On a show with more consistent characterizations, ‘This Sorrowful Life’ would be one of the best episodes of the series. But on this The Walking Dead, where character motivations are at the whimsy of plot necessity, ‘This Sorrowful Life’ is merely a good episode of the show. It’s at its best with Merle and Michonne, a plot with a tight, definitive arc for one of its more-maligned characters, surrounded by a lot of Rick staring at shit and the continuous glimmer of hope that is Glenn and Maggie.
There’s a distinct lack of plausibility in the opening scene: Rick’s changed his mind about everything Governor-related, deciding that giving up Michonne is the way it “has to be” – a wholly ridiculous idea at this point for Rick, but whatever, right? It quickly moves its focus to Merle, a man who just does dumb shit because he just don’t understand anything (explained in one of the more painfully mindless bits of character interaction all season). But it’s ultimately for the better: it allows Merle to make a single human connection outside of his brother before his death, and define himself as a character a little bit.
I say ‘define’ because the only time character traits are really solidified is when a character is dead – if not, inconsistency will inevitably leak into their actions, as we’ve seen all season with characters like Merle and Andrea. But it was good to see Merle finally accept that he’s the piece of shit nobody really wants to deal with, and at least tries to go out in a blaze of glory – though again, his plan to take out The Governor and his entire militia single-handed is a joke, and isn’t really defined past “Michonne won’t shut the fuck up so I gotta do something”.
If anything, it gives us a scene when Daryl stumbles upon his zombie brother (coincidentally, the most self-aware zombie we’ve ever seen on the show, a sign of what happens when a real actor tries to ‘act’ as a zombie), and has to mourn him as he murders him, silently stabbing him in the face and crying over his lost sibling. Merle’s best scenes in the episode come with Daryl around, whether he’s pointing out how much Daryl’s changed, or staring at him with the lifeless eyes of a zombie amputee.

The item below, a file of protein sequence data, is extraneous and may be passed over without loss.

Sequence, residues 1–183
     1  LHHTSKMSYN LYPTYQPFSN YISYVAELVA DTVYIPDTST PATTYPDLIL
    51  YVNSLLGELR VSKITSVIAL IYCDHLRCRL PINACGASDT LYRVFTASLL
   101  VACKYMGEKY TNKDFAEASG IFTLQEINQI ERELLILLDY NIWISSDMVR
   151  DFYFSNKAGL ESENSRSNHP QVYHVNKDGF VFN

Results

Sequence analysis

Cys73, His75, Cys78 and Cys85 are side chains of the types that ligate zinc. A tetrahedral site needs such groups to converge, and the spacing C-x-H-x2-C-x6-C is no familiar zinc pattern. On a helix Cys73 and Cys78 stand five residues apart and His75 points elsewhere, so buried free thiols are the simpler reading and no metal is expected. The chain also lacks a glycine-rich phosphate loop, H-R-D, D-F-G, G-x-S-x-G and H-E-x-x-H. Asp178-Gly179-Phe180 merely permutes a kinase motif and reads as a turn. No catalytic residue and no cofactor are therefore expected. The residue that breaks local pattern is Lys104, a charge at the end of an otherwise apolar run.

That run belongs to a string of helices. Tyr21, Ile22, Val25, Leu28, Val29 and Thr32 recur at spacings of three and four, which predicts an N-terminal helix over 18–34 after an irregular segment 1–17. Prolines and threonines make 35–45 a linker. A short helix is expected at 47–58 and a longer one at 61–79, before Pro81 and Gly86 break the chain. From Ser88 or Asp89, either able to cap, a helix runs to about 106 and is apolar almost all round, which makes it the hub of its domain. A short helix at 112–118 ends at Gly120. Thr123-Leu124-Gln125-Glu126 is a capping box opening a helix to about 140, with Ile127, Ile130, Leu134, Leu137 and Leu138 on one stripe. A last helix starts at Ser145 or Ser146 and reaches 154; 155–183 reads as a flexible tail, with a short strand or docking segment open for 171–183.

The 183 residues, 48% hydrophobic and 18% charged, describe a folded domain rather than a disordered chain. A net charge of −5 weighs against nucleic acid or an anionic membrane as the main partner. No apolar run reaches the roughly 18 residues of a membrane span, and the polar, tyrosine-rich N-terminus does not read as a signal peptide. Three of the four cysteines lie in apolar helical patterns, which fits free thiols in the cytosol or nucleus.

Outside of Glenn and Maggie – their engagement giving us all a teeny bit of hope for the future, although I’m sure nobody can shake the feeling that one of them will be dying soon (I do hope I’m wrong here) – the episode’s mostly a wash, lots of Rick standing around, being indecisive about being a leader, until he says “fuck it – done with this ‘leader’ thing! Going to play the ‘team’ card here; let’s all decide!” He does make a great point by comparing himself to the Governor, but the flip-flopping that comes before is a big waste of everybody’s time (and yes, I’m including the lame Biblical voice over Herschel provides as Rick finds wire to tie up Michonne with).
I wish we’d seen more of the Governor before the season finale – at this point, they’re no longer concerned with his character or Woodbury, reinforcing their superficial presence in the season. The only time we see the Governor, he says one or two words, bites off some fingers, and shoots Merle dead (a death that oddly takes place off-screen). At this point, there’s no character work left for him or anyone in the town, save for one or two more scenes of the Governor hamming it up in front of the camera before death. As “This Sorrowful Life” proves, characters don’t go out without a showcase.
– if I had to bet on prison candidates to die next week (it’s a season finale, someone has to die), I’d probably go with Herschel and/or Carol. Now that Rick’s being a nice, moralized guy again, there isn’t much left for Herschel to do except marry his daughter and get killed on a high note.
– once Carol was afraid, and now she is not.
– no news on Andrea, or the location of the Governor’s speculum at this time. Updates to follow.
– I haven’t heard the phrase “things are different now” many times this season, but boy, it stuck out like a sore thumb in this episode.
– did anyone see Merle grab the phone Rick was talking on earlier this season? What was the point of that?
– the one thematic thing that worked in this episode (and probably saved it): Rick points out that “we choose how we live, and we choose how we die”, exactly what Merle did in this episode – right before dying, he tells the Governor “I’m not going to beg!”
– Merle’s torn up about killing sixteen men? Since when?
– contained episode with less characters and jumping around = good. How they orchestrated that in this episode = not so good.